Inexpensive Doll Clothing: Transforming a Onesie Into a Blouse

Hey everyone! How’s your weekend going?

I thought I’d do a quick tutorial for you today. I stumbled across this not long ago and thought I would share this time- and money-sharing idea with you. As many of you probably know, I have been working on doll houses for my two grandnieces. They actually brought to my attention the popularity of American Girl dolls – and their less expensive counterparts, such as Our Generation, Madame Alexander, Favorite Friends and so many more – and as far as I am concerned, you are never too old to play with dolls!

For me, playing with dolls really mean making the doll house and furniture and accessories, as well as clothing for my nieces. I have considered doing this for profit, but then, I think once it becomes a “job”, then the fun and creativity goes right out the door. But that’s a discussion for another day.

Today I want to show you how to quickly create inexpensive blouses, dresses and nightgowns from second hand baby clothes. I often wander the aisles of thrift stores and stumbled onto a preemie onesie and though that it looked exactly the same size as my own dolls (I actually have an authentic American Girl doll as well as one knockoff). And it occurred to me that I could save so much time and have something really well made that I could give to my nieces to play with. I love to sew and am an accomplished seamstress, but there is something to be said for making things that will really be played with as opposed to admired. And one niece is almost 10 whereas the other is a bit younger and her dexterity places a lot of stress on her doll’s clothing.

So, after a little trial and error, I figured out the fastest and easiest way to do this. I suggest using either preemie size or newborn sized (0-3 months) for the least amount of alterations. I started with a pretty basic onesie, this one had a cute little collar:

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I am a quilter, so I have some tools that are second nature for me to use, but are not necessary. I laid it out flat and then laid the doll on top, this is to estimate the length needed to fit. Remember that you need about an extra half inch for the hem.

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Remove the doll and make the cut. Again, I used a rotary to make the cut, but you could just use scissors to make the cut.

 

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Separate the pieces. I tried to think of something to use the bottom of the onesie, but couldn’t come up with anything. If you have ideas, please share them with me! Right now, I am simply going to use them as garage rags.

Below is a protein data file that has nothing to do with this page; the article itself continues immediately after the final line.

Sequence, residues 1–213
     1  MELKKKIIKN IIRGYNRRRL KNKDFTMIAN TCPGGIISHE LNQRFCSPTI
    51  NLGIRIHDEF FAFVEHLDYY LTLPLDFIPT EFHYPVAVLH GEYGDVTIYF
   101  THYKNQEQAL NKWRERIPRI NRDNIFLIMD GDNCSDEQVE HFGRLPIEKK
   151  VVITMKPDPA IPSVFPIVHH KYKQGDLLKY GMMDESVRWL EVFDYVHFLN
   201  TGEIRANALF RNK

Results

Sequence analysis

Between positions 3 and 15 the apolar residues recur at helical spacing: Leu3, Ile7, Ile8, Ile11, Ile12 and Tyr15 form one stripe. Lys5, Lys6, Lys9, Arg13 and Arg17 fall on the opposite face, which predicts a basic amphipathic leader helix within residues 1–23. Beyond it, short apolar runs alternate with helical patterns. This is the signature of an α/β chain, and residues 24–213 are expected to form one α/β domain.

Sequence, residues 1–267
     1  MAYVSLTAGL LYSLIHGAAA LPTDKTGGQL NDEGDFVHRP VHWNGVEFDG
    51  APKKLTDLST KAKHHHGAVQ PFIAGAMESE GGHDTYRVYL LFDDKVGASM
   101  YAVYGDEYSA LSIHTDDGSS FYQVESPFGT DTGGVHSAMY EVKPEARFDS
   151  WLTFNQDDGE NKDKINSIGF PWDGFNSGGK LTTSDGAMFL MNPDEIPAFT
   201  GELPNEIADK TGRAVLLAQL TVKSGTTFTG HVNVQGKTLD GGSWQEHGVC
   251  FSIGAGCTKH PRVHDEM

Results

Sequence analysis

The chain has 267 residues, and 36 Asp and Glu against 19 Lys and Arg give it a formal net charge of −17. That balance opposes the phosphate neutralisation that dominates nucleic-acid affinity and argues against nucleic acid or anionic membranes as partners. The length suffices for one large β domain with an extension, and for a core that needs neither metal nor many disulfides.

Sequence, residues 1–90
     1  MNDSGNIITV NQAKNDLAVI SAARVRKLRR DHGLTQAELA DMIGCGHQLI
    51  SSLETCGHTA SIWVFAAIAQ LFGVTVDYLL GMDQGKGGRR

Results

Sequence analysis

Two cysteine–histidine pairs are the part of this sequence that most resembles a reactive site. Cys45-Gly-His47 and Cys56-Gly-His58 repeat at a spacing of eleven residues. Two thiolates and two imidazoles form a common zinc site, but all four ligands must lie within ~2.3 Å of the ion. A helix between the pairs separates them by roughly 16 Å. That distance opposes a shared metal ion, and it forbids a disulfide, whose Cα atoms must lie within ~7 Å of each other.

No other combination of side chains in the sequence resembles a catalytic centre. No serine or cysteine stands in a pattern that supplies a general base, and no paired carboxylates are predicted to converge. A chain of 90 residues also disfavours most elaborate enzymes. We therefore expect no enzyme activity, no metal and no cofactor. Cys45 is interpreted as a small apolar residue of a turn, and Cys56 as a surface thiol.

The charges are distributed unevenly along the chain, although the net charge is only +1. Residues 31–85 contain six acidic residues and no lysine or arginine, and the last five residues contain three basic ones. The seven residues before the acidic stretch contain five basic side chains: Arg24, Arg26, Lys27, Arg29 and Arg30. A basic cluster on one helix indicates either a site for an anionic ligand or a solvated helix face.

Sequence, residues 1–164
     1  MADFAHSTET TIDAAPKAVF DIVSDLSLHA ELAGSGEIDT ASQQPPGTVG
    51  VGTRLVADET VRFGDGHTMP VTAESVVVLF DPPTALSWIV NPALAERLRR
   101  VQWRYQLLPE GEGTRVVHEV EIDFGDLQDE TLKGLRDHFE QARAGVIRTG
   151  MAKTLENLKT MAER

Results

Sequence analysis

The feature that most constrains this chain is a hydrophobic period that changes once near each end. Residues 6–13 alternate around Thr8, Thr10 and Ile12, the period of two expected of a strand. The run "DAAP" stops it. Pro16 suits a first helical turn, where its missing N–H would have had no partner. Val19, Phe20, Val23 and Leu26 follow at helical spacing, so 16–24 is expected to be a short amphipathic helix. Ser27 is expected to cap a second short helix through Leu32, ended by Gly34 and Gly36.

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Now it is a matter of turning it inside out and making a quick hem. I didn’t take the time to finish the edges since the type of fabric it is doesn’t really ravel and I figure that its going to be played with hard and retired early.

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By sewing without first pinning, and stretching the fabric as I sewed, the hem ended up almost like a lettuce hem. It was completely by accident, but it is cute.

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This onesie was actually a size 3 month size, so it did come out a little large. I thought it would be okay since a six-year old would be dressing her doll with it, so bigger might be okay. If not, I would put a couple of darts in either the front or the back to pull in some of the extra fullness.

So there you have it. I found this onesie for $.97 at a local thrift store. Less than five minutes time in cutting and sewing… can’t beat it. And the sheer number of colors and styles out there are endless. I picked up quite a few of these – in pink, white, blue, yellow, green, even black – so that I can make a quick variety. Pairing them with jeans, sweats, skirts, even leggings. And with built-in closures and the sleeves already done for you, it couldn’t be simpler.

So, I hope this is helpful! Thanks for stopping by. And come back soon!

And keeping making fun and beautiful things, just for the fun of it!

julie

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About MacCupcake

Obviously, a big Mac fan (my first Mac was the first Mac) and mother to the most awesome teenager in the world. A techno-junkie and self-proclaimed geek... I love anything and everything relating to computers.

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